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April 10, 2024

1:00-2:00 pm on Zoom

Registration required
at the link below.



Ethical research on human subjects is research that obtains consent from participants without coercion.  Ethical engagement with communities for research purposes is engagement that separates relationship building from recruitment, offers incentives as appreciation, and treats trust as more than merely transactional.

But ethical research is also epistemically good research, since it is unethical to recruit participants into a flawed study that cannot meet its scientific objectives.  Recruitment goals are set so that prospective studies will be properly powered.  Eligibility requirements are set so that recruited participants will be able to tolerate or implement prospective study interventions.

It can be a real challenge to satisfy all these objectives at once!  Join us via Zoom on Wednesday, April 10th at 1 pm for a frank and lively discussion of how to get the necessary numbers, with participants who genuinely qualify, in a way that builds trust, and never coerces.

We will showcase the University of Utah’s tool for connecting studies with participants: Studies For You.  There will also be a panel discussion, featuring: the director of our participant advocacy office; a resident community engagement expert; a specialist in recruitment methods; and an expert on the design and conduct of randomized trials—all moderated by a professional research ethicist.  Come with your most pressing questions, and be ready to get all the tips and tricks you might need… on how to get Recruitment Done Right.



After initial discussion by the panelists, the moderator will open the floor to questions from the audience.

We welcome all stakeholders to join us.


Morgan M. Millar, PhD
Assistant Professor of Epidemiology
Department of Internal Medicine
University of Utah

Tom Greene, PhD
Professor in the Division of Biostatistics, Department of Population Health Sciences
Professor in the Division of Epidemiology, Department of Internal Medicine
University of Utah

Sara J. Knight, PhD
Professor with Tenure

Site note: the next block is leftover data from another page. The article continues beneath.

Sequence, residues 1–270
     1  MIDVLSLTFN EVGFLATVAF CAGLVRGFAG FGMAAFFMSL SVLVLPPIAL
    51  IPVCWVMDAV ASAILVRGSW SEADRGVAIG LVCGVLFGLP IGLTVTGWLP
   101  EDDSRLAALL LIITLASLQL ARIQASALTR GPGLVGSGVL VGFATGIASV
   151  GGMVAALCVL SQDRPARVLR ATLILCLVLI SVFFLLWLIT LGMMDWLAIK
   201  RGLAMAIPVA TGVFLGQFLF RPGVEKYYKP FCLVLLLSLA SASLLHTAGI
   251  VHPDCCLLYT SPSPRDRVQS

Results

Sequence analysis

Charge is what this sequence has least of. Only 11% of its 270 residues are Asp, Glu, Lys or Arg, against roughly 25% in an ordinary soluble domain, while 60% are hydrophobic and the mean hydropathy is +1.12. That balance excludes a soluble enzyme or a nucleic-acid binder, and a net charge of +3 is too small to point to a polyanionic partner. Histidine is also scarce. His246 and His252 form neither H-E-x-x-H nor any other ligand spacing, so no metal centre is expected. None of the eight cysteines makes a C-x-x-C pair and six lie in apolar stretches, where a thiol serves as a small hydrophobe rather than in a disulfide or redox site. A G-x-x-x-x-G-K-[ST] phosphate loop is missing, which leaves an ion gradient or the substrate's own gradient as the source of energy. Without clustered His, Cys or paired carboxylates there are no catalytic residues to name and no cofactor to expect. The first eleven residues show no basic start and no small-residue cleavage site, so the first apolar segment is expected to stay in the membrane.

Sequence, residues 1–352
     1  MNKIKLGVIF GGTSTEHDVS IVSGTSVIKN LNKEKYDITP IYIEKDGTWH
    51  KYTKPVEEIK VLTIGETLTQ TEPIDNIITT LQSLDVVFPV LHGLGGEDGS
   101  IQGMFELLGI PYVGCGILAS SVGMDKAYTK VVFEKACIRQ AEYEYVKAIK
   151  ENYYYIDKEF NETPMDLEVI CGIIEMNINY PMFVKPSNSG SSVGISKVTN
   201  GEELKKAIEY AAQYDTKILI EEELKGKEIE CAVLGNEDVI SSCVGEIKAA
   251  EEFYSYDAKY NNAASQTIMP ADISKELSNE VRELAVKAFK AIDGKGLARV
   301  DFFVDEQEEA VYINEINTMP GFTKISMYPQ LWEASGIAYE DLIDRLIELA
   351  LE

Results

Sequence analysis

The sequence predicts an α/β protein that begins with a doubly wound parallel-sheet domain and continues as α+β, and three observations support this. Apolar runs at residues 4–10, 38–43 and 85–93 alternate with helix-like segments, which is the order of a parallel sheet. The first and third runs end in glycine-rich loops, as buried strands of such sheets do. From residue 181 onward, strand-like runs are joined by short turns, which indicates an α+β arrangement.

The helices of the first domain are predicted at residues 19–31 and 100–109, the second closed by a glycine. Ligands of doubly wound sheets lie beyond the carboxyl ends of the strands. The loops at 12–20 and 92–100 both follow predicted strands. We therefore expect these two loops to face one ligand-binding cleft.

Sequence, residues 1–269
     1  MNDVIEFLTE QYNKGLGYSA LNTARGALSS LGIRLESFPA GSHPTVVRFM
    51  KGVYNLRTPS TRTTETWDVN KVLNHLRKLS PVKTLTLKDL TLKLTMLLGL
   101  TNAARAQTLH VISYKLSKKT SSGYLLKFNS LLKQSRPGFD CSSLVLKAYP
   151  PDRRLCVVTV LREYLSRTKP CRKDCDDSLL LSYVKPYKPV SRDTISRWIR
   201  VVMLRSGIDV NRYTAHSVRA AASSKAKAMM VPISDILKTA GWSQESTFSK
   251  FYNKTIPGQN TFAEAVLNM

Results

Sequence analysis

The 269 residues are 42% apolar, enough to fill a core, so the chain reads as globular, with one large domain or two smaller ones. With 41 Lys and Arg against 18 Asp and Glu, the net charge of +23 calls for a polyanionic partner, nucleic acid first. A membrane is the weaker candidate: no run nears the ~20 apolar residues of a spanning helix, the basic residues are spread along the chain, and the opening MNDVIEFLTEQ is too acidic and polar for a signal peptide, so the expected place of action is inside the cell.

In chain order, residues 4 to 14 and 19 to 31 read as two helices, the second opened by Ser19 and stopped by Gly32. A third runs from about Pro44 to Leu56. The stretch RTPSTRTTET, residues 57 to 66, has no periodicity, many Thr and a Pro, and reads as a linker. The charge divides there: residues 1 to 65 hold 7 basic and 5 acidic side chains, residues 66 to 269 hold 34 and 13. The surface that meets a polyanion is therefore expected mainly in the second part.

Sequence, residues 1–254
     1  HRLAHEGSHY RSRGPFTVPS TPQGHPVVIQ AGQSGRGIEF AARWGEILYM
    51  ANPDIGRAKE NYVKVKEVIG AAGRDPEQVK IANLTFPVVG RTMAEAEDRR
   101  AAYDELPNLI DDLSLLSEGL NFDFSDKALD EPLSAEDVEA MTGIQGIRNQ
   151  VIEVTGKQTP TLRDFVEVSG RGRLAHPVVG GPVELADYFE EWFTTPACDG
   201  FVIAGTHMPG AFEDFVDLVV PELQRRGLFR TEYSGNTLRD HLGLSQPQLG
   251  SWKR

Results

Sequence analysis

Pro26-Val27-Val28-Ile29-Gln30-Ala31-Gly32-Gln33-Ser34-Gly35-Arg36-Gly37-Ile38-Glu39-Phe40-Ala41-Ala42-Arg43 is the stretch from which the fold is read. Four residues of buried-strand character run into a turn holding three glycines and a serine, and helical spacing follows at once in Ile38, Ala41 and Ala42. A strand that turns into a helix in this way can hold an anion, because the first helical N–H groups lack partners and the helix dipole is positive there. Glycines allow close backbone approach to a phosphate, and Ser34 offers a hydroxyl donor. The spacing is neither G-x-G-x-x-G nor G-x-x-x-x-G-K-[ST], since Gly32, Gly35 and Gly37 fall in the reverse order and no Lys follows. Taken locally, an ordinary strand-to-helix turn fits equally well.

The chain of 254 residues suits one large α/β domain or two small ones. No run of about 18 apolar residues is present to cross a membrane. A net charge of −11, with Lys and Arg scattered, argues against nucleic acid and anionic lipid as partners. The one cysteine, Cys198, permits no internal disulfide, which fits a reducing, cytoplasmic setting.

Division of Epidemiology, Department of Internal Medicine
University of Utah

Sadie Gabler, BS, CCRC
Director of Research Participant Advocacy (RPA)
Research Integrity and Compliance
University of Utah


Joyce C. Havstad
Associate Professor of the Department of Philosophy
Clinical and Translational Science Institute 
Office of Research Integrity and Compliance







Past E3 Panels

2022-2023 Academic Year

Our 2023 E3 panel discussion will focus on the issue of professional misconduct in the research context, understood as bullying, harassment, discrimination, and inappropriate conduct creating a hostile work environment for any and all researchers here at the University of Utah.

The NIH has recently changed their reporting requirements for funded PIs who are sanctioned for professional misconduct by their home institutions, and we hear that the University of Utah will of course be complying with this federal requirement.

We aim for our faculty, staff, and students to all be aware of what professional misconduct is—ideally, to keep it from ever happening in the first place; but also, so that reporting and correction can occur when necessary. Both preventative and responsive measures are necessary and this E3 event will help serve both these aims.

Addressing topics such as:

  • What kind of behavior counts as professional misconduct?
  • Where can I go for help if I think professional misconduct is occurring?
  • How do I report instances of professional misconduct for formal review?
  • Can I be retaliated against if I make an allegation of professional misconduct?



Dr. Caren Frost
Associate Vice President
Research Integrity and Compliance

Dr. Sherrie Hayashi
Director & Title IX/ADA/Section 504 Coordinator
Office of Equal Opportunity and Affirmative Action

Zachary Mitchell
Research Integrity Officer
Clinical & Translational Science Institute


Joyce C. Havstad
Associate Professor
Department of Philosophy, Clinical and Translational Science Institute 
Office of Research Integrity and Compliance



2021-2022 Academic Year

Enrolling participants in a research study or clinical trial is not always easy, and it can be hard to get the number of participants needed to generate significant results.  Also, researchers sometimes work on problems which apply not just to others but themselves too.  For instance, study personnel working on COVID vaccines might want to be a part of that study and be a part of the development of those vaccines.